An entry in Bear Grylls’s pioneering interactive franchise ‘You vs. Wild,’ ‘Animals on the Loose’ takes the renowned documentarian and survivalist to one of the wild sanctuaries in South Africa, where he has to help the rangers after it is discovered that the power supply to the fences around the sanctuary has been interrupted, leading to the escape of at least two animals: a lion, and a baboon named Thimba. Grylls initially has 3 major tasks: secure the lion in the north before it runs into the animal researcher who has been camping there, find the baboon in the south before it has a confrontation with the cheetah that has been roaming there, or fall over the jagged cliff, and fix the hydro-electric relay station in the east before the brewing storm hits.
As this is a piece of interactive entertainment, you, the audience, get to make every pivotal decision in Grylls’s journey for him. Each decision you take will positively or negatively impact Grylls’ journey, depending on what you choose. A 4th mission is later added when poachers are found to be responsible for the power outage. After you complete the first three missions, you have to locate and ensure the escaped elephants’ safety. The film depicts Grylls as his content always has: a hardcore but relatable survivalist who is willing to take you on an incredible journey. If you are wondering whether ‘Animals on the Loose’ is real or fake, here is what we have been able to find out.
Is Animals on the Loose Real or Fake?
To answer this question, we must look back into Grylls’ career. He rose to widespread fame through ‘Man vs. Wild,’ a Discovery Channel reality series that aired between 2006 and 2011. It revolutionized how survival shows are developed and made Grylls a household name. As it often happens, with bigger fame came more thorough scrutiny. Grylls and other producers received criticism for misleading their audience about the level of Grylls’ involvement in certain tasks. They were also criticized for overhyping specific tasks as too dangerous. The producers of ‘Man vs. Wild’ were eventually forced to bring significant changes to the show’s format.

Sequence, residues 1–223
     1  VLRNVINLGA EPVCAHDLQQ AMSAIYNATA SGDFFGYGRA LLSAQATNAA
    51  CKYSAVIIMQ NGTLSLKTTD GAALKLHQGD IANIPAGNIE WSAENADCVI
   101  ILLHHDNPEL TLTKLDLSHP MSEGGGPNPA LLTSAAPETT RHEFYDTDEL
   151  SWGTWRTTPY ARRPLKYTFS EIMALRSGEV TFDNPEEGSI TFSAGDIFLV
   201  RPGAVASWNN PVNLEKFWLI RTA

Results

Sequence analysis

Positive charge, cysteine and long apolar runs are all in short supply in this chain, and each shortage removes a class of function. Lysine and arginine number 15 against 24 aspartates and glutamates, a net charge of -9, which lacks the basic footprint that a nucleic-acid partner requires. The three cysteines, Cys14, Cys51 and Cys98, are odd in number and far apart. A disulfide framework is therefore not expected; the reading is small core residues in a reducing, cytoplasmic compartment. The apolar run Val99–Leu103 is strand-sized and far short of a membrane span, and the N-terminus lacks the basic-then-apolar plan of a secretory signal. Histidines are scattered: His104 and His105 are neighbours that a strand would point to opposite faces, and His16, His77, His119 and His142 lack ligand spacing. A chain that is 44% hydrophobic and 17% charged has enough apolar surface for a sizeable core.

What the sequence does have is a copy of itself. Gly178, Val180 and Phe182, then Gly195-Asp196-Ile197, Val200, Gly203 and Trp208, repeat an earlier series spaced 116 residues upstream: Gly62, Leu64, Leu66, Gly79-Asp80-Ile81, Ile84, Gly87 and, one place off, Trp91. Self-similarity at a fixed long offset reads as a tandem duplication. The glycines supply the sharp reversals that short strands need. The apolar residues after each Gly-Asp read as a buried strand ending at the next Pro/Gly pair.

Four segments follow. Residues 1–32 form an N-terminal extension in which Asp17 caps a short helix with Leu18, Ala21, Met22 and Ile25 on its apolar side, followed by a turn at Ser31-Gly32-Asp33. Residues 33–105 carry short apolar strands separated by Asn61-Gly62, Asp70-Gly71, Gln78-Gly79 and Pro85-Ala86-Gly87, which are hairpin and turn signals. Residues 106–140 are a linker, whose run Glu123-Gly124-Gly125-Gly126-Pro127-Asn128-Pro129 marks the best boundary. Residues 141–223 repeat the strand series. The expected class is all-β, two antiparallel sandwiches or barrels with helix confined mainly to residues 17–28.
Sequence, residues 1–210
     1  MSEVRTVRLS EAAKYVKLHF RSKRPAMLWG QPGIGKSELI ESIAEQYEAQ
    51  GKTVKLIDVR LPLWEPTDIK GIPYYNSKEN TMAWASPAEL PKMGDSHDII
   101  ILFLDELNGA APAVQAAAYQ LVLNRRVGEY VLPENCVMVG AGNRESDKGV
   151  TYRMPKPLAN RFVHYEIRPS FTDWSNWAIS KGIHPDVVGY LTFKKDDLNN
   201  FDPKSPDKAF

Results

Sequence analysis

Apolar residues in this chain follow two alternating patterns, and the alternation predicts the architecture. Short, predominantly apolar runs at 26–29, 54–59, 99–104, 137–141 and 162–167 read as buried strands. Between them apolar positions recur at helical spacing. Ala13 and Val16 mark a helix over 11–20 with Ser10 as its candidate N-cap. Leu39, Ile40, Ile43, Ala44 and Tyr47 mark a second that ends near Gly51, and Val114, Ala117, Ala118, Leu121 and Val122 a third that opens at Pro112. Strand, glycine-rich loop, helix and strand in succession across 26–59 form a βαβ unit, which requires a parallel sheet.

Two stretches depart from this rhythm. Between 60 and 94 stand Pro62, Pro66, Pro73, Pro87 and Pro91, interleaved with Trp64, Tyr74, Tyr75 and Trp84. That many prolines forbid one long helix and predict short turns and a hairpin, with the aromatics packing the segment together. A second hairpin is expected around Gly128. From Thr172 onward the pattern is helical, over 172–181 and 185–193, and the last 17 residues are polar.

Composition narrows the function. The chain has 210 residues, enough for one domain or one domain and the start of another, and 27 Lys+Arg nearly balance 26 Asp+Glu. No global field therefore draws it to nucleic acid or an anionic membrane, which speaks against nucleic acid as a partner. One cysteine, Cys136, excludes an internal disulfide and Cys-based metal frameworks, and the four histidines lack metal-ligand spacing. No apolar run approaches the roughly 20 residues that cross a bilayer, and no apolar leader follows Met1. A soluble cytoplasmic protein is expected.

While making ‘Animals on the Loose,’ Grylls worked with the same group of executive producers he did on ‘You vs. Wild,’ comprised of Delbert Shoopman, Rob Buchta, Chris Grant, Drew Buckley, Ben Silverman, and Howard Owens. So, we can safely assume that the rules that were set while filming ‘You vs. Wild’ were reused when the shooting for ‘Animals on the Loose’ started. As there is a set of objectives in place, Grylls’ journey takes place inside a sandbox by default.
However, that doesn’t mean that he didn’t have to enact all the options available each time and suffer the consequences for the wrong ones. For instance, the rope likely did snap when he tied it around the rocks and climbed down into the gorge, hurting himself. Some scenes were most probably filmed in a heavily controlled environment, especially those involving the lions and the boa. According to Buchta, while filming scenes involving animals for ‘You vs. Wild,’ somethings just happened naturally, while for others, they had to get actively involved. The same rule was likely followed here.
Ultimately, ‘Animals on the Loose’ seems to have a loose script, but many of the dangers that Grylls encounters throughout the journey are very real. Moreover, some situations have been exaggerated for dramatic effects.
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